The meatheads at Modern Drunkard magazine salute those “excellent bedfellows” jazz & alcohol.
Yes, Bix Beiderbecke was a drunkard. One of the best in our lineage. His intoxicatedexploits caused innumerable hassles for bosses and fellow musicians, but his music more than compensated . . . Let that be a lesson for us all. In our endeavors, whatever we choose them to be, let hooch lift us to greater and greater heights of art and beauty. Just make sure someone wakes you up when it’s your time to shine.
For Bix, who died in 1931 at the age of 28, that was easier said than done. Consider this recollection from his landlord, George Kraslow:
During the next few weeks Bix did no outside work of any kind and did not leave the building save to buy gin. He seemed to be struggling with himself and drank almost continuously. [On the evening of his death,] his hysterical shouts brought me to his apartment on the run. He pulled me in and pointed to the bed. His whole body was trembling violently. He was screaming there were two Mexicans hiding under his bed with long daggers. To humor him, I looked under the bed and when I rose to assure him there was no one hiding there, he staggered and fell, a dead weight, in my arms.
NOW HERE’S A SCENE: At Oakdale Cemetery in Davenport, Iowa, last summer, in a special ceremony beside Bix’s grave, the Bix Beiderbecke Memorial Jazz Band played a couple of sacred numbers, including “Just a Closer Walk with Thee.” The band’s cofounder & trumpet player, Bill Barnes, then acknowledged the death earlier in the year of Bix’s nephew R. Bix Beiderbecke. The Beiderbecke family, seated to the band’s left, had buried him only the day before.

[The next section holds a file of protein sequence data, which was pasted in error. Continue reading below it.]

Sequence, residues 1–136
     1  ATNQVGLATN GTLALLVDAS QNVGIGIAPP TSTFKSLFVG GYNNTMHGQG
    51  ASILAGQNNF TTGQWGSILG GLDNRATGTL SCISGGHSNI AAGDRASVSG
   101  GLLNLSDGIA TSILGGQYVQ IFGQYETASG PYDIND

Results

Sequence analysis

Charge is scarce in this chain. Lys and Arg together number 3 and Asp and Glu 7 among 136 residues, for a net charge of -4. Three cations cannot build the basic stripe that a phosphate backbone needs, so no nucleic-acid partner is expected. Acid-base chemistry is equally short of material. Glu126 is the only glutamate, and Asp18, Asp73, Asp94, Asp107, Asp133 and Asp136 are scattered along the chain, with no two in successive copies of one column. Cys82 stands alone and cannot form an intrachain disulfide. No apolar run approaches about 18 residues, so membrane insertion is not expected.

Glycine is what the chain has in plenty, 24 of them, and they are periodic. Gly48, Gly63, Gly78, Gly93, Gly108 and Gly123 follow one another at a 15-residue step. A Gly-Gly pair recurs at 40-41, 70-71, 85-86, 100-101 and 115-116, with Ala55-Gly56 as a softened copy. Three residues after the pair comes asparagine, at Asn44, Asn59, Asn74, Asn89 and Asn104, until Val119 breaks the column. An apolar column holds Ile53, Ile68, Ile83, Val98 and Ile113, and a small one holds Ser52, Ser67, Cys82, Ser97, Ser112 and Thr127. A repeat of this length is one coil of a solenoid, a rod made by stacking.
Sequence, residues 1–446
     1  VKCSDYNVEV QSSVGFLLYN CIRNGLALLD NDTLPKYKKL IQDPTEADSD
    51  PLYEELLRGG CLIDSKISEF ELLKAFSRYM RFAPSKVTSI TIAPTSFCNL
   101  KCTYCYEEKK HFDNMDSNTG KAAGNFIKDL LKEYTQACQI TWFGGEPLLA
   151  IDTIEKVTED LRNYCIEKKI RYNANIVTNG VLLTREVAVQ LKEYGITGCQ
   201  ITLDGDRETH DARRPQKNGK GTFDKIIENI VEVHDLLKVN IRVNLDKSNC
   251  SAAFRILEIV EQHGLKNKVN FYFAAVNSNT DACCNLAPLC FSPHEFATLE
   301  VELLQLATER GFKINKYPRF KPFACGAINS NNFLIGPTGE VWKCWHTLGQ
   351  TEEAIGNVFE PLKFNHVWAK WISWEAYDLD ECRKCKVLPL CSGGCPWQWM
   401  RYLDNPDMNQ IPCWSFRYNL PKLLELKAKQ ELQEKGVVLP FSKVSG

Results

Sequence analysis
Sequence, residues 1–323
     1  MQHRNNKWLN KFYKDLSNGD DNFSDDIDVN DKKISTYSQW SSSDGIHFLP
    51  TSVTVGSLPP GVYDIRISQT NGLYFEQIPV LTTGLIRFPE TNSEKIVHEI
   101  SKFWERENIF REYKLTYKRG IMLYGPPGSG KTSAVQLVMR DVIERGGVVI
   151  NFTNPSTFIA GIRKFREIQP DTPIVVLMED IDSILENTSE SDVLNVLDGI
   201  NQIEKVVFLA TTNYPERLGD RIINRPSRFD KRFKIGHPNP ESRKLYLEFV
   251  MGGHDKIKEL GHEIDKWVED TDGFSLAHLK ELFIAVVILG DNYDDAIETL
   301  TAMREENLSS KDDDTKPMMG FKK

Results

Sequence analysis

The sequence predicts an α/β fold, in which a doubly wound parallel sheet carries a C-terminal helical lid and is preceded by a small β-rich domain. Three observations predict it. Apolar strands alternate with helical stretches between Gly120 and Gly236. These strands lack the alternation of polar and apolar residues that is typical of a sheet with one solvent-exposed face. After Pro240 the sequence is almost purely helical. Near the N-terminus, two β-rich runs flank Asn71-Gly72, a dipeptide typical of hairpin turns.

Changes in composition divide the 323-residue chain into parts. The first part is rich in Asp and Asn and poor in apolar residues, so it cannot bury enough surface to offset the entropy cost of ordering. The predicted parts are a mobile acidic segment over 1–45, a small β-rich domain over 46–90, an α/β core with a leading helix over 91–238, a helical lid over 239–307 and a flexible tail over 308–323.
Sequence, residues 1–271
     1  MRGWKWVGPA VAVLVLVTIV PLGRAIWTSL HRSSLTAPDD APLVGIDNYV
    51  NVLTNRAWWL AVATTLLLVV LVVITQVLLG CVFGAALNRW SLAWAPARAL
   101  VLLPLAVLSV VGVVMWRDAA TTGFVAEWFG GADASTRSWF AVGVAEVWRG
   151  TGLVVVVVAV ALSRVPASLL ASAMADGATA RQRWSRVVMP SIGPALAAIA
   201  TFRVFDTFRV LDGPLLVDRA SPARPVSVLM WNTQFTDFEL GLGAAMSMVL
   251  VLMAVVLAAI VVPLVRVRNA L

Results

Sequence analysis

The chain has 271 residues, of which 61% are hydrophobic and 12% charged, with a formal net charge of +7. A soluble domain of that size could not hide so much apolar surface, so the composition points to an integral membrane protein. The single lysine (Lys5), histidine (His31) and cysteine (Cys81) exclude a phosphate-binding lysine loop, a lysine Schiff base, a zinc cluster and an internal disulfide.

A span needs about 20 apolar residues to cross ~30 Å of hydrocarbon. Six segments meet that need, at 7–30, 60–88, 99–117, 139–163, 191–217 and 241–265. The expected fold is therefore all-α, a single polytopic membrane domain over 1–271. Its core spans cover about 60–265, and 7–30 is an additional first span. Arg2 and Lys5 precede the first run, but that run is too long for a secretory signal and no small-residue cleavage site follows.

“Richard didn’t play the cornet, but he sure could drink like his uncle,” Barnes joked. “I can still hear him now, with that voice of his, yelling, ‘Gimme another martini!’”
Recalling the band’s first trip to Davenport more than 30 years ago, Barnes mentioned in particular the transportation that locals had wrangled to pick band members up from the airport. “And let me tell you, there was a bar on that bus,” he said. “You can bet we had a nice ride to the hotel that night!” With that, the boys belted out “Davenport Blues”—a rendition so muddled & unrehearsed, one wondered if the band hadn’t just ridden that bus again for old times’ sake.
NOW HERE’S ANOTHER SCENE: It’s January 26, 1925, at the Gennett Recording Studios in Richmond, Indiana. Bix and friends Tommy Dorsey on trombone and Don Murray on clarinet are committing "Davenport Blues" to wax. They’re clearly drunk, “which is regrettable,” sighs Bix biographer Jean Pierre Lion, “because Bix conceived in the issued take a brilliant and often luminous improvisation, unfortunately marred by an imprecise attack and a tempo dissolved by excessive drinking.”
As it happens, alcohol would play a role in the deaths of all three. Murray went first, in 1929, after falling, drunk, from the running board of a car in Los Angeles. Dorsey died of food poisoning in 1956, but it didn’t help that the heavy drinker had likely mixed liquor and barbiturates that night.
As an antidote to Modern Drunkard, try Jazz and Death: Medical Profiles of Jazz Greats by Frederick J. Spencer, M.D.
[July 18, 2006]